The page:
When we consider the rich history of immigration, it’s impossible to ignore the role that foreign-born citizens have played in our economy. From agriculture to entertainment, immigrants have enriched our lives and aided in our collective national strength.
Immigrants Dominate in Jobs, Not Industries
In 2017, Pew Research conducted an in-depth study of the anatomy of the American workforce, with a specific emphasis on the ratio of immigrant workers in the 400 industries recognized by the U.S. Department of Labor. Of those, there is not a single one that is majority-held by immigrants. But, there are several specific occupations that are dominated by foreign-born workers.
As per the chart, immigrants (which includes both undocumented and lawful) hold a majority of “personal appearance” jobs. This would include manicurists, salon workers, makeup artists, and estheticians. Closely followed are jobs in agriculture, specifically those that involve sorting through and disposal of unsafe food stuffs. Other jobs in which immigrants made up more than half of the workforce included stucco masons, sewing machine operators, and agricultural workers.
According to Jeffrey Passel, a senior demographer with Pew Research, “Undocumented workers, as a group, tend to work in low-paying jobs that don't require certifications, which is why you often find them working as drywall hangers or stucco masons, but don't find them in plumbing and electrical work.”
By the same token, there is no industry in which immigrants of any type made up the majority of the workforce. The closest, private household work such as nannying, gardening, and housekeeping, tops out at 45%, with 22% of the industry made up of undocumented immigrants. Only the agriculture and construction industries were made up of a majority of undocumented immigrants within the immigrant demographic, at 18% and 13% respectively.
The Inevitable Decline of the Natural-Born Worker
Often, the argument has been made that immigrants “steal” jobs from native-born citizens, leaving less opportunity for those who were born in the United States to find jobs. But the pattern of immigration is a positive move towards keeping American industries functional with an ever-shrinking workforce.
With the majority of Baby Boomers set to retire in the next 5-10 years and the ongoing decrease of the American birth rate, the numbers don’t lie: We need immigrants to sustain all of the industries that are currently being supported by a rapidly declining demographic.
In fact, Pew estimates that the workforce will decrease from 173.2 million to 165.6 million by 2035 if immigration doesn’t continue to infuse our mix of working-age Americans.
Simply put, the largest population of the workforce--those born in America to American citizens--is shrinking, from 128.3 million to an estimated 120.1 million. U.S. born workers will go from accounting for 74% of workers to 66%.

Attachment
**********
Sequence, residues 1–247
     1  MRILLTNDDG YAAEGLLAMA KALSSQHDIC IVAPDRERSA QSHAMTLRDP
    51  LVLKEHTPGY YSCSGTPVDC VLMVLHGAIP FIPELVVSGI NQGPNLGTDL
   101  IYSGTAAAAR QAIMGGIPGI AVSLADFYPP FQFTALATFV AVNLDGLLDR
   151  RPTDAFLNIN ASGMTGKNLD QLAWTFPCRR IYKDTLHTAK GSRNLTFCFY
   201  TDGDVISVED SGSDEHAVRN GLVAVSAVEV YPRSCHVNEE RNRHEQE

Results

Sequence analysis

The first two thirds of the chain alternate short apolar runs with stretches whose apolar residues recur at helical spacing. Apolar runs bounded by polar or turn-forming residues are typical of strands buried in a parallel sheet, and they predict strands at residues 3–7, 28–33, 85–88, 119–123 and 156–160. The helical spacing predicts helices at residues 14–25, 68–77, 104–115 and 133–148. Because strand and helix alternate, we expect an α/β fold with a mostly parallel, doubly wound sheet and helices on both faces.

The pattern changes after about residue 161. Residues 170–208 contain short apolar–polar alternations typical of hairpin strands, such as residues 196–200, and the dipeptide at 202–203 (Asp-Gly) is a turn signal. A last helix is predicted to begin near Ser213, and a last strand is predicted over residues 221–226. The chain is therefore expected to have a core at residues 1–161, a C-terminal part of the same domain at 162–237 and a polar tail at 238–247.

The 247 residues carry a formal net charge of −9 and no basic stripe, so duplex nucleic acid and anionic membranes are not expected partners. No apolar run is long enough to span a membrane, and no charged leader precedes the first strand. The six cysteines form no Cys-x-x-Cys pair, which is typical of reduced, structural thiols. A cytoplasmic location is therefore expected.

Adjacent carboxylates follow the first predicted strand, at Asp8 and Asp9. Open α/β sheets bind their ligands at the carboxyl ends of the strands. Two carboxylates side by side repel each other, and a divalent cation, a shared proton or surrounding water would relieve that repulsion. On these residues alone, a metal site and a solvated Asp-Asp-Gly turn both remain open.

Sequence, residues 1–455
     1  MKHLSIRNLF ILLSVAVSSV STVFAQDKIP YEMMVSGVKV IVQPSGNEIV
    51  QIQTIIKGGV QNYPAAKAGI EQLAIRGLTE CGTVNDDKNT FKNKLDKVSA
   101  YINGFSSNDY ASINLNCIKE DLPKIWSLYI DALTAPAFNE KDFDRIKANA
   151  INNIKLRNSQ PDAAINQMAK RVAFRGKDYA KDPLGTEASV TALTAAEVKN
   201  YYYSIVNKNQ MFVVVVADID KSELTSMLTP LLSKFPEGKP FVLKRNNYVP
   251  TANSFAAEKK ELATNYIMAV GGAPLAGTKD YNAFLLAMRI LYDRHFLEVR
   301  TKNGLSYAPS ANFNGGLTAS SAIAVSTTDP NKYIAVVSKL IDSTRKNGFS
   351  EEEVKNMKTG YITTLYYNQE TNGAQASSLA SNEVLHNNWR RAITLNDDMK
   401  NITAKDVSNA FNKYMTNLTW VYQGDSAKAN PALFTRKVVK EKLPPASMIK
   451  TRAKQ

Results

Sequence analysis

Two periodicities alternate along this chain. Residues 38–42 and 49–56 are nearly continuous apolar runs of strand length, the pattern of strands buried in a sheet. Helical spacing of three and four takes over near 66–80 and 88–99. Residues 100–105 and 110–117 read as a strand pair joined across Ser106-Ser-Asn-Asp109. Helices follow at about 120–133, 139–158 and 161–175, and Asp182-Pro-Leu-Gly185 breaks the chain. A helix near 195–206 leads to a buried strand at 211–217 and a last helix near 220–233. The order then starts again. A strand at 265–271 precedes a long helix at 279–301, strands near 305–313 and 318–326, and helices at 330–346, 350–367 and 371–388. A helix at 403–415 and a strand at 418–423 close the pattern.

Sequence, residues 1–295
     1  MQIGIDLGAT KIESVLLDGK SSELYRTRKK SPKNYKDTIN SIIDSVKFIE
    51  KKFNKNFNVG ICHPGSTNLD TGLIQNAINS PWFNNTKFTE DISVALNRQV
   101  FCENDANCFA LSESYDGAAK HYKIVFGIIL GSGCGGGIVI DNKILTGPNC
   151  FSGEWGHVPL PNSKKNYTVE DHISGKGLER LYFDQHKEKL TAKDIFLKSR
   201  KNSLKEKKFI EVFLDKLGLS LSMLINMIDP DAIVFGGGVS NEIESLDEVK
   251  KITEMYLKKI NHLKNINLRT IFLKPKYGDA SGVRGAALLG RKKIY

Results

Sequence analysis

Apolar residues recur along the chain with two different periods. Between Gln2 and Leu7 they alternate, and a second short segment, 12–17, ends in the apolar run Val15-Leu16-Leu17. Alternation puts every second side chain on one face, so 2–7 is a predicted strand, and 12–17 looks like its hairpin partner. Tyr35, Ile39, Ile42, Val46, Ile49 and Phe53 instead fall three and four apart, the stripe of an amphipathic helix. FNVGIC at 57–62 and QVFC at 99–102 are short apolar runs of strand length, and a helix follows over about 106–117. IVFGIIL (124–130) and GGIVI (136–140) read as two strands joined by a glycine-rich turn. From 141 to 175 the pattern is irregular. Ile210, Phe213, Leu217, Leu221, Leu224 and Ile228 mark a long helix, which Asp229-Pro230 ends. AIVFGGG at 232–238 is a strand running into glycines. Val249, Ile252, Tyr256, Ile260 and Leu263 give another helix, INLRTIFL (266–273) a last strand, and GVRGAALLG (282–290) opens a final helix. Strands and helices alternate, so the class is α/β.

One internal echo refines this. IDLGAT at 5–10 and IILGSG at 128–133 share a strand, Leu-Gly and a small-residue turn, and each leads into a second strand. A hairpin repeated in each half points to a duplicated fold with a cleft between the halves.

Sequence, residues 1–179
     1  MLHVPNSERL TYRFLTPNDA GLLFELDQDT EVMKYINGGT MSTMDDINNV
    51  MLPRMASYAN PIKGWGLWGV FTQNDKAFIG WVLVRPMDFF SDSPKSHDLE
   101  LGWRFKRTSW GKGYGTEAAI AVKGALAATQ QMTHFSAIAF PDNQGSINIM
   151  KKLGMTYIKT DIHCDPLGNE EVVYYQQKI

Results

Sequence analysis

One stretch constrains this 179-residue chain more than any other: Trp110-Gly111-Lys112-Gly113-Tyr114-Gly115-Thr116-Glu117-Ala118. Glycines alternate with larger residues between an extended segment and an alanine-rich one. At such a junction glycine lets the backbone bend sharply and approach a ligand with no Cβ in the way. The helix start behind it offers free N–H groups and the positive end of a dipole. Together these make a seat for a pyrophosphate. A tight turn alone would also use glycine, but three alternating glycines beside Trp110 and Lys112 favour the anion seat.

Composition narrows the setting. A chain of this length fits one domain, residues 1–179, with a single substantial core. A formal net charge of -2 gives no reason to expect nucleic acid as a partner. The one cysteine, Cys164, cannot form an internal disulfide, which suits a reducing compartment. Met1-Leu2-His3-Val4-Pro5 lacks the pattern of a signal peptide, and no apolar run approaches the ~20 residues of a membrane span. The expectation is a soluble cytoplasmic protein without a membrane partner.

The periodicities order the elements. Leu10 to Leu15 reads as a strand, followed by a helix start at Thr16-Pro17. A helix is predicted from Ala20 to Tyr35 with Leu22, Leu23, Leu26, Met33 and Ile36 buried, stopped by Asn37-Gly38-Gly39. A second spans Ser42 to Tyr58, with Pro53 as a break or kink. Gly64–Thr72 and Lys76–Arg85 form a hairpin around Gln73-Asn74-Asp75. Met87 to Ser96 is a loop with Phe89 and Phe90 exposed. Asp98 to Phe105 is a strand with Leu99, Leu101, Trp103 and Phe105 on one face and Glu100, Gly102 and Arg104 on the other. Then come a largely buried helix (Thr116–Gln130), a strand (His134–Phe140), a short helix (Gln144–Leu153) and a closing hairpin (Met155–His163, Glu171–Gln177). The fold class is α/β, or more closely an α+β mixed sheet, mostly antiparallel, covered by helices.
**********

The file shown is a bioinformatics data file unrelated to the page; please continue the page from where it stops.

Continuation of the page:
Without thoughtful immigration that allows willing and able workers to come into the United States, the American labor force will decline and leave gaps in some of the most critical sectors of our economy.
The Critical Role of the Migrant Worker
With the recent wave of deportations and detainment of undocumented immigrants, the agricultural sector is suffering. Mexican immigrants, both documented and undocumented, are leaving the country in larger numbers than they are entering, citing “tougher enforcement of immigration laws and the slow economic recovery here in the U.S.” Mexican census figures report that 1 million Mexican immigrants and their families, which include children who are American citizens by birthright, left the United States between 2009-2014. The U.S. census data from the same timeframe found that only 870,000 Mexicans entered the U.S.
This leaves United States farmers in a tough position. With the rising costs of workers , farmers are forced to leave produce rotting in the fields. The worker shortage has left farmers competing for talent, causing a 5% average increase in agricultural work wages.
Some producers are even opting to move their farms to Mexico in order to have access to more workers and the lower costs of minimum wage, which currently sits at $5.10 a day across the nation.
But despite the new negotiatory power that migrant workers possess, as well as workers’ rights that include 15 minute breaks for every hour of work, few Americans are attracted to the positions. The work is intense, hard on both the body and the spirit, and includes countless hours of bending, kneeling, and hauling 20 pound bushels of fruit while on ladders in the California heat.
Equally problematic is the seasonal nature of agricultural work. Many migrant workers move with the growing seasons of produce, forced to pack their belongings and move to different farms as their particular crop begins to ripen. It’s impossible to settle in one place as a migrant worker, leaving the American-born children of migrant workers unable to attend school for many parts of the year and the cycle of immigrant poverty perpetuating.
It’s not an attractive lifestyle for anyone, but it is a necessary one. Without workers assisting in the agricultural sectors, food shortages are inevitable.
The Solution to a Rising Problem
With immigration reform imminent, we can only hope that all sides can find a middle-of-the-line solution that fulfills the needs of both the American workforce and the letter of the law. Undocumented immigration is a problem that must be solved, while still allowing the industries that rely on immigrant workers to remain productive.
The IDEAL Immigration believes in the potential of the human spirit and that living in the right environment is crucial to an individual’s success. By optimizing U.S. immigration, we allow for more people to live up to their fullest potential, contributing to a global economy while improving their own quality of life.